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Paro Festival:  The Paro tshechu is a one-of-a-kind festival, featuring the world’s biggest ceremony of unfurling a throngdel. (Throngdel means “confers liberation by the mere sight of it” in Bhutanese.). A throngdel is believed to provide a seed of enlightenment to those who see it. The throngdel of Paro Tshechu is considered one of the most sacred objects in all of Bhutan. The huge thangkha (silk painting) featuring the throngdel covers the face of the dzong. It’s displayed only for a few hours, at daybreak on the final day of the festival, to allow people to obtain its blessing. As a tourist visiting the festival, you’ll witness a celebration that’s been held for centuries. The Paro festival only happens once a year. Thimpu Tshechu Festival:  The Tshechu is a religious event celebrated on the tenth day of a month of the lunar calendar corresponding to the birthday of Guru Rimpoche (Guru Padmasambhava). However the exact month of the Tshechu varies from place to place and temple to temple. Tshechus are grand events where entire communities come together to witness religious mask dances, receive blessings and socialize. In addition to the mask dances, tshechus also include colorful Bhutanese dances and other forms of entertainment. It is believed that everyone must attend a Tshechu and witness the mask dances at least once to in order to receive blessings and wash away their sins. Black Necked Crane Festival:  The Black -neck Cranes, commonly known as “thrung thrung karm” have a sacred identity in the Bhutanese culture. It is often cited in the folklore, dances and other historical texts. The crane festival is organized annually by the local communities in Phobjikha. Phobjikha is the winter home of black necked cranes after they migrate from the arid plains in the north to pass the winter in milder and lower climates. Phobjikha, at an altitude of 2900 m, lies on the periphery of the Black Mountain National Park. Jambay lhakhang Festival & drup: The annual Jambay Lhakhang Drup is a fertility blessing ceremony and is one of the most popular religious festivals in Bumthang. It takes place every year, in October or November, at Jambay Lhakhang, one of the oldest and most sacred Buddhist temples in Bhutan. Infertile women who wish to conceive come from different parts of the country to get blessed at the ceremony. The main monk or chief lama at the ceremony, sporting a colourful mask, prays to the fertility gods and deities, and blesses the women with a symbolic wooden phallus.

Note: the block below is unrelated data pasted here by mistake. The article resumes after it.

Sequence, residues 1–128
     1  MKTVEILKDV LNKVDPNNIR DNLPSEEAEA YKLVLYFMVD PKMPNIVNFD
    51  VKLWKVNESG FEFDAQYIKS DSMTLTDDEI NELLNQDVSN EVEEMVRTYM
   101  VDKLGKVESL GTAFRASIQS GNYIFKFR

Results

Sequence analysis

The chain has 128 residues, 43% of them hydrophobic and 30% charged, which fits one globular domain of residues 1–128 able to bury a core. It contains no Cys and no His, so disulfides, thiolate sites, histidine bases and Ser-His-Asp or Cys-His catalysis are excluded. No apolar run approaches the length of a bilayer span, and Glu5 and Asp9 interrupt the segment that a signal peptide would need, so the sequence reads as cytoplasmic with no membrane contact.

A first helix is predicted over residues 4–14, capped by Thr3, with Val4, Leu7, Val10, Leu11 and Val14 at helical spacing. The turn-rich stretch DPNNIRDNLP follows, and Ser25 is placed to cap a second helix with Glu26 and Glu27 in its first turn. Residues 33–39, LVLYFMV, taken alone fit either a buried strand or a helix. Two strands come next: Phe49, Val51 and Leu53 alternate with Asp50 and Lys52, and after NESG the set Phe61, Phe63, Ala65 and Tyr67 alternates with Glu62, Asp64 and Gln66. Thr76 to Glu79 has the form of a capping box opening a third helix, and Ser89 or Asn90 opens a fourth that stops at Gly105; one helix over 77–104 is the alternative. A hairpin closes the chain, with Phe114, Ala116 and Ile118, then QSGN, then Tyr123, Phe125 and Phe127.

The Khmer New Year, or ‘Bon Chol Chhnam Thmei’ in the Khmer language, is commonly celebrated on 13th April each year although sometimes the holiday may fall on the 14th April in keeping with the Cambodian lunar calendar. This marks the end of the harvest season when farmers enjoy the fruits of their labor and relax before the start of the rainy season. The New Year holidays last for three days.During this time, people engage in traditional Khmer games; the Bas Angkunh ‘seed throwing’, Chaol Chhoung ‘twisted-scarf throwing’, Leak Kanséng ‘twisted-scarf hide’, tug of war, shuttlecock kicking, etc. Throughout the country, people dance the traditional Khmer forms of the Ran Vong, Ram Kbach, Saravan and Lam Leav. Pchum  Ben – Running for 15 days, usually from the end of September into October, this festival is dedicated to blessing the spirits of the dead and is one of the most culturally significant in Cambodia. The exact date defers year to year as determined by the lunar calendar.  Each household visits their temple of choice and offers food to the monks. Offering of food is a meritorious act and is one of the oldest and most common rituals of Buddhism. During the Pchum Ben festival, people bring food to the temple for the monks and to feed hungry ghosts who could be their late ancestors, relatives or friends. The Water Festival is probably the most exorbitant festival held each year in November. It is usually celebrated for three days, i.e. the 14th and 15th of the waxing moon and the 1st of the waning moon of the month of Kadek. The 15th of the waxing moon is the last full moon day. The festival ushers in the fishing season, marks a change in the flow of the Tonlé Sap and the ebbing-water season, and is seen as thanksgiving to the Mekong River for providing the country with fertile land and abundant fish. At the height of the rainy season, the water of the Mékong River forces the Tonlé Sap to reverse its current and to flow up to the Tonlé Sap Lake. As the water of the Mékong River begins to subside, the swollen Tonlé Sap Lake flows back to the Mékong River through the Tonlé Sap and empties into the sea, which leaves behind vast quantities of fish. This, indeed, is a remarkable phenomenon of the Tonlé Sap.